When people like Chris Brown, Justin Bieber, Wiz Khalifa started asking for our product, we decided to give them one for free. We did this in exchange for their support and promotion across all their major social media channels so that our brand name could continue to lead the Hoverboard market forward. We knew that competitors wanted our market share, so keeping our brand name relevant was a must.

This worked out brilliantly for us. Soon, these new celebrities along with at least 30 others were regularly promoting or product and, specifically, our brand. All of a sudden we were just two months in from our launch and we had already eclipsed 7 figures in sales, had all the major mass media publications reaching out to us for a story, and had powerhouse programs like Shark Tank asking us to apply for their show with our product. Even Kendall Jenner, who has been widely successful by promoting brands, used our Hoverboard on her Instagram video.

With all this promotion we felt like we were on top of the startup world. We had viral marketing buzz, tens of thousands in daily sales, and A-list celebrity endorsements. What could wrong?

Well, shortly after our viral launch we started to notice some other competitor Hoverboard companies sporadically popping up on the web. Recognizing this, but understanding that we had to stay focused on our own viral company, we decided to continue moving as quickly as we could in order to stay ahead of the competition. As a result we continued to work with A-list celebrities who could generate maximum exposure for us.


Going full steam ahead with this strategy turned out to be one of the first major mistakes we could’ve made. We started noticing very quickly that this maximum exposure was creating massive catch 22s for our business. It also resulted in serious and complex problems arising for the industry as a whole to have to solve, but yet had no real control in actually solving.

Viral marketing made us, and our great success can be attributed to it. But, we learned that it wasn’t necessarily the correct strategy for sustained growth. If you believe that viral marketing may be the correct strategy for your business, knowing the positives and negatives of the strategy are critical. Use it for as long as it is reasonable to do so, then shift your marketing priorities towards long-term and sustained growth.

Stay tuned for Part 2, on Why Going Viral Sucks…

Big thanks to the team over a Silicon.NYC for allowing me to begin contributing to their publication. This was my first article published on their site and you can definitely check out this story and plenty more other exciting technology oriented stories over at Silicon.NYC.


HUGE “When Going Viral Sucks” Weekend For Trump

Over this weekend some videos of Donald Trump were released by the Washington Post from 10 years ago that truly defined a “When Going Viral Sucks moment,” in relation to politicians. 

Donald Trump was video taped on an Access Hollywood bus saying some extremely vulgar, rude, and demeaning comments about women to then former Access Hollywood co-host Billy Bush. Since the videos release the mass media has been eating the story up. Over the last few months Trump has been receiving the title of a “Women hater,” and this video only fueled those allegations.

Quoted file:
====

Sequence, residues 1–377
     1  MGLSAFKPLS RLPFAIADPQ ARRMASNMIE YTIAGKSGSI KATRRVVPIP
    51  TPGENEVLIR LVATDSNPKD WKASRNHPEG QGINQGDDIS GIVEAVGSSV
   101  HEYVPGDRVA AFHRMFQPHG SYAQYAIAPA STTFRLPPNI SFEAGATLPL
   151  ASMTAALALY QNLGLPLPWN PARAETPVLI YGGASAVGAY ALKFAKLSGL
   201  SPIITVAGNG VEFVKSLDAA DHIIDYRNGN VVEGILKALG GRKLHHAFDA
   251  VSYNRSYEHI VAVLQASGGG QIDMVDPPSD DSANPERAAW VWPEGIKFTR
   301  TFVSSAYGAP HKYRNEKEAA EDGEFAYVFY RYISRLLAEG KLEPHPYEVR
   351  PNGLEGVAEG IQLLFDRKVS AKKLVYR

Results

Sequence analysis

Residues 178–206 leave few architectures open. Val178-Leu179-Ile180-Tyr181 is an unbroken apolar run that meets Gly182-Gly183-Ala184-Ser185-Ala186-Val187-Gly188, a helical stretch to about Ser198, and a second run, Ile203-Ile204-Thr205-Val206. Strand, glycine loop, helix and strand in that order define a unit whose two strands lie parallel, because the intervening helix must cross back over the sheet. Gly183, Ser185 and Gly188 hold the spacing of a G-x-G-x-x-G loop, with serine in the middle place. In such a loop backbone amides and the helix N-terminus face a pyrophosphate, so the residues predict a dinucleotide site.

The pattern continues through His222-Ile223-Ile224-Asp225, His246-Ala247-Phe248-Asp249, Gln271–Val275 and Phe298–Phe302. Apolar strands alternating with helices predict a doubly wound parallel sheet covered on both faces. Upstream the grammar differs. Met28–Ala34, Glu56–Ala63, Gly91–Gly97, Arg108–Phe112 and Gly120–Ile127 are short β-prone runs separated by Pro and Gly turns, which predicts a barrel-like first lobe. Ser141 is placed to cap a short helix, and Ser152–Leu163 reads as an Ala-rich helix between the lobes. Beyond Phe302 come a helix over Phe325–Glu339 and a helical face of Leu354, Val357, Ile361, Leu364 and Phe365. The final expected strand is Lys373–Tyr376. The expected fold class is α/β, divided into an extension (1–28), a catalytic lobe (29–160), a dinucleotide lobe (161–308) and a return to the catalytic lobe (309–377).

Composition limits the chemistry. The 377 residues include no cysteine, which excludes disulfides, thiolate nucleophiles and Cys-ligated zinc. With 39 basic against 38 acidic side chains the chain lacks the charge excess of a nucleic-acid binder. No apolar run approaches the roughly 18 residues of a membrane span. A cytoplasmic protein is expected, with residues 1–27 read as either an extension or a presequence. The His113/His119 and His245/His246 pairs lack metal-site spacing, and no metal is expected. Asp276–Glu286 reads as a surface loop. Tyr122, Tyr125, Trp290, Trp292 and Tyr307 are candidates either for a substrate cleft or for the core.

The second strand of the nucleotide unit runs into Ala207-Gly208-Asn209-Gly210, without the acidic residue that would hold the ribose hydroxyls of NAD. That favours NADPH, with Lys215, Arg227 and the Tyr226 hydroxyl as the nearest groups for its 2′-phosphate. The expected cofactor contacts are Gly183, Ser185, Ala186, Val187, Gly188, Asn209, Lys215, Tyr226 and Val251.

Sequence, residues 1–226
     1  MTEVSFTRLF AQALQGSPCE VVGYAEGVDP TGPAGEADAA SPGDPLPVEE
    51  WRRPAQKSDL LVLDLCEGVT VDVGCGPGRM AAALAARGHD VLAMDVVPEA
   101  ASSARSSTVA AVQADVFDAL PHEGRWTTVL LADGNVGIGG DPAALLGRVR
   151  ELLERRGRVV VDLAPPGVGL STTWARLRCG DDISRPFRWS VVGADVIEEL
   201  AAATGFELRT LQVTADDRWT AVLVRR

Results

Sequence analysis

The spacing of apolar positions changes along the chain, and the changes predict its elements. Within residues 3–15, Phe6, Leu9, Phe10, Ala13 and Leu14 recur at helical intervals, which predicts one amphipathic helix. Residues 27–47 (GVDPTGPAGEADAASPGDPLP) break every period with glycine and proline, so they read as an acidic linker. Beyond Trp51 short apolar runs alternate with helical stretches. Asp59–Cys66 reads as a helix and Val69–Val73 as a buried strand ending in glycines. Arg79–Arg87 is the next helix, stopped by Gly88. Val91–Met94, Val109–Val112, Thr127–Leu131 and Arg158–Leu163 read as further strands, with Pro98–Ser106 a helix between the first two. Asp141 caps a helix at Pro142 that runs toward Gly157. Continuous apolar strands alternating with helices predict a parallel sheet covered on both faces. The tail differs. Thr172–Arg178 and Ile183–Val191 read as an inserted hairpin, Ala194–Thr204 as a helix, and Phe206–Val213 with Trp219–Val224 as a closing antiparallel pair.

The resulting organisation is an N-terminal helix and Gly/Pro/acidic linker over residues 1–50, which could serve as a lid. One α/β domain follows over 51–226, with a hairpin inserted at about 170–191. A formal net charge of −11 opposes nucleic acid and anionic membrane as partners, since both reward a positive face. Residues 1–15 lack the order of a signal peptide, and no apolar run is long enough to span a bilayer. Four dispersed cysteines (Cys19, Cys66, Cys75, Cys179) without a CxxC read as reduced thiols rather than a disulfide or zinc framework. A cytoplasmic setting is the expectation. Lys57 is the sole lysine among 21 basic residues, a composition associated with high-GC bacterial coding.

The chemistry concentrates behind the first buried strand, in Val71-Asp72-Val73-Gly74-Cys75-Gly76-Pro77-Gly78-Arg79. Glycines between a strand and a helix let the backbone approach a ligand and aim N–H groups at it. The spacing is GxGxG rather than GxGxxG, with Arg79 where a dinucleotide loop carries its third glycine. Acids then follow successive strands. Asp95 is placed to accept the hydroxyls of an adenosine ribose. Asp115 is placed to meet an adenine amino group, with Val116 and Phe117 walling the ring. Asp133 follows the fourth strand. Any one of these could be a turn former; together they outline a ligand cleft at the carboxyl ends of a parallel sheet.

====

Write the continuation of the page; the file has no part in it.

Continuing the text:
I don’t want to go into the specifics on the political impact this will have on Trump’s presidential candidacy other than saying it looks damaging. However instead I’m going to examine why this is truly a “When Going Viral Sucks,” moment for Donald. 

When I saw this story break I knew the video was going to go viral in a “bigly” manner as Mr. Trump often likes to say. It was evident that this was going to be the only thing the general public, and the media talked about for the following week, and presumably the remaining 4 weeks until the election. There was no doubt the video was going to be shared millions of times on social media and be replayed on a loop hundreds of times by each of the major Television networks. It was going to have Trump being portrayed in the media for ALL the wrong reasons and that’s exactly what happened.

Below are some of the reasons I’ve recognized as to why this video went as viral as it did. I would love to hear from readers if they agree! :) 

1. Women vote struggles — Over the last 3 months or so Hillary Clinton and the media have been hammering Trump on his treatment and respect for women. Although plenty of the rhetoric I’m sure is stretching the truth, there certainly have been comments made by Trump (prior to this video’s release) that definitely were not politically correct and also displayed forms of sexism by the presidential candidate. With the election less than 4 weeks away and the numbers mattering more and more each day this video just provided more evidence that the proof is in the pudding, with what will be Trump’s struggle to win the women’s vote. The video doesn’t help Trump AT ALL in re-claiming any portion of the women population vote in this year’s election and from a polling, forecasting, and prediction standpoint it fueled the Nostradamus’ of the world to continue to feel this way.

2. “We’ve been right all along” — News pundits who have been accusing Trump of being sexist against women had their time to shine this weekend. These talking heads were brought in to speak on all the major Television stations to continue their ripping of Donald Trump and to make the general public aware that, “They were right all along.” Whenever talking heads get the chance to prove that they were right in their claims they are going to seize that moment. With a story this important, at such a critical time in the election cycle, you knew that egos were going to soar in a viral manner as each of these news pundits had their chance to claim victory.

3. Star power — The people featured having a conversation in the video are not only Donald Trump but also Television star Billy Bush who is the nephew of the former 41st president of the United States George H.W. Bush. Billy has had a successful Television career over the last 15 years being a guest correspondent and then main co-host of various shows like Access Hollywood, and The Today Show. He also has been seen doing some of the main interviews at the largest red carpet events in the world such as the Golden Globes, Grammys, and Academy Awards. When you have two stars in this case partaking in the lewd commentary seen in the video as opposed to simply just Trump, it allows for the story to receive double the amount of coverage it would normally receive.